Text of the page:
TERNEUZEN, Belgium (VN) — Taylor Phinney still recalls specific scenes from his breakthrough ride at last year’s Paris-Roubaix.
In one memory, Phinney realized that he had ridden into a group containing Greg van Avermaet, Niki Terpstra, and the other pre-race favorites. The kilometers ticked down, and the fatigue of the long day on the stones had set in. Phinney, 28, recalls feeling a mixture of exhaustion and joy.
“Just to be in that front group was a dream. I was pinching myself but I was also so blown,” Phinney told VeloNews. “I told myself, ‘hang on man.’ That’s all I could do.”
Phinney eventually sprinted to eighth place, the top American finish at cycling’s “Hell of the North” since 2005, when George Hincapie finished second. At the time, Phinney told reporters that, “Nobody really cares if you get top 10 in Roubaix.” A year later, Phinney has a different perspective on the result.
Simply riding into the top groups on the road shed light on the dynamics of the race, and the effort required to ride at the front. Phinney was exhausted from the push. As it turns out, everyone else, including the Roubaix favorites, were also shattered.
“You know that once you get into the group, everyone is blown in the last hour. Knowing that now, and having the mindset to just push through that before making it, is one thing,” Phinney said. “Having made it once gives me confidence going forward, but I know now how difficult it is to make that front select group.”
Whether that newfound perspective helps Phinney during Sunday’s Paris-Roubaix is the American storyline to follow during the 2019 event. Phinney enters Paris-Roubaix after a disappointing classics campaign that saw him miss E3 Binck Banck Tour and Gent-Wevelgem due to a knee pain, and record DNFs at Dreidaagse Brugge-De Panne, Dwars Door Vlaanderen, and the Tour of Flanders. On Wednesday, Phinney said he was still hopeful for a strong ride at Paris-Roubaix.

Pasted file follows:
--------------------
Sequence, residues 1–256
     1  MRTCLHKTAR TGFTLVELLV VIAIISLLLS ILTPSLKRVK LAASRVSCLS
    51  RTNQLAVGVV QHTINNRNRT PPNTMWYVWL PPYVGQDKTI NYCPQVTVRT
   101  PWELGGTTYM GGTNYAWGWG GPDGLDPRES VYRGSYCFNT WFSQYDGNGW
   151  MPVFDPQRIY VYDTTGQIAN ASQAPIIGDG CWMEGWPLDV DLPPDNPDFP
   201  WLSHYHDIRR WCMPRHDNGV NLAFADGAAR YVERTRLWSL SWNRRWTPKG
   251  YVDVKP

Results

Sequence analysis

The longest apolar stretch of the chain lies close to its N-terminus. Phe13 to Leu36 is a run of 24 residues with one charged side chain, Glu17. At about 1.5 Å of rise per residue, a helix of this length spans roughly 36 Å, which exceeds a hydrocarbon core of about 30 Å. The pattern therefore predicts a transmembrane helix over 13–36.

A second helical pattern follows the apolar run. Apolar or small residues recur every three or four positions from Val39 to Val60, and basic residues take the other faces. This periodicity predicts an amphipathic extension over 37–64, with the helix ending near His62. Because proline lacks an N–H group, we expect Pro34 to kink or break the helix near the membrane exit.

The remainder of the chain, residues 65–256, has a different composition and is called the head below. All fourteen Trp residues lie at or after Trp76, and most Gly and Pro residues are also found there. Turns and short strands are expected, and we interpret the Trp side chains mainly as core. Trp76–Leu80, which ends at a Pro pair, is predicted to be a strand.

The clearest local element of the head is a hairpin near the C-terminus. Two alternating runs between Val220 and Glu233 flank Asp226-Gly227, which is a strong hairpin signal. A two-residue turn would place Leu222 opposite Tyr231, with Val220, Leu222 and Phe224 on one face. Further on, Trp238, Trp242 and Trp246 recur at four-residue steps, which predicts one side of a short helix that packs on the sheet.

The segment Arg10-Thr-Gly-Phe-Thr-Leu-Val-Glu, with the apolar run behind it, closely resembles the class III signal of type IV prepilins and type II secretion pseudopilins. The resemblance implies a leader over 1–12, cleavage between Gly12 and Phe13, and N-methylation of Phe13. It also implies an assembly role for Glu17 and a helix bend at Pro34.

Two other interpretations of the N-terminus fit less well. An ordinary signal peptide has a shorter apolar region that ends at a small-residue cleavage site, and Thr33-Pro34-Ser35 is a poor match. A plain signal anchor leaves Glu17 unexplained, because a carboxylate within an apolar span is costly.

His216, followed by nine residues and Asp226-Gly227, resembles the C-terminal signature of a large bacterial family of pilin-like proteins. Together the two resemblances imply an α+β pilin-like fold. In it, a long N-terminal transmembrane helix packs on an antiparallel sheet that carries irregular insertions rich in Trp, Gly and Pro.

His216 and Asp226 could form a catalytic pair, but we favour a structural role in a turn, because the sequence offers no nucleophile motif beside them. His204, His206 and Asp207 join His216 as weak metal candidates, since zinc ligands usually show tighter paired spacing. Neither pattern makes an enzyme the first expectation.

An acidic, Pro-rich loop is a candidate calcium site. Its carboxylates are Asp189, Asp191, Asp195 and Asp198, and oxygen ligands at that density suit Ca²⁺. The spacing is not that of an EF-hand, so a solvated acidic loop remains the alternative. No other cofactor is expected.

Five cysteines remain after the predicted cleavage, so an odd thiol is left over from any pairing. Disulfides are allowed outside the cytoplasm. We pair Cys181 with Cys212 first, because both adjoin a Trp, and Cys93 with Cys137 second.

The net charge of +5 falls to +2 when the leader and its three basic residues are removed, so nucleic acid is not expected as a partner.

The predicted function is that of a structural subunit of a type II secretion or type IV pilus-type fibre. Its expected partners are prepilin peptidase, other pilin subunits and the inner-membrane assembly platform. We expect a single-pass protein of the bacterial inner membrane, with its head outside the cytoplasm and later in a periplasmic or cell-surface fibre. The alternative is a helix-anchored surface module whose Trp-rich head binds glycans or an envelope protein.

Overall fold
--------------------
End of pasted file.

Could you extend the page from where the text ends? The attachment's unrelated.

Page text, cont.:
The flat, windy race suits him better than the hilly classics in Belgium, he said. And Phinney has a history of bouncing back at Roubaix after a dismal showings at the Belgian races. Prior to his big ride in 2018, Phinney also struggled in Belgium.
“I don’t know what to expect, but I’m excited to do it,” Phinney said. “Last year I wasn’t great in the classics until Roubaix. It’s the only race that is made for me. I feel much more switched on to the races thus far even, even though I have no result to speak of.”
Phinney and his EF Education First classics teammates enter Sunday’s race riding a high after Alberto Bettiol’s surprise victory at the Tour of Flanders. Bettiol will not compete in Paris-Roubaix; EF will target the race with Sebastian Langeveld, Sep Vanmarcke, and Phinney.
The mood around the team hotel has been upbeat, Phinney said, even if the team had little time to celebrate.
“We all went back to work to get ready for Sunday,” Phinney said. “There’s not time to just be stoked and decompress.”
The win was proof that EF can, indeed, compete in the cobbled classics, despite the team’s dearth of results in recent years. EF’s precursor, Slipstream Sports, won the race in 2011 with Johan Vansummeren. Since then, the team has come close; Langeveld was third in 2017 and Vanmarcke was sixth last year.
Bettiol’s victory had another big impact on the team, Phinney said. The team no longer enters the race desperate to win.
“A weight has been lifted off of the team’s shoulders that the team has been carrying forever,” Phinney said. “Sep, Sebastian, and I are going well, and it’s the last chance. But classics season is made. That takes pressure off of Roubaix.”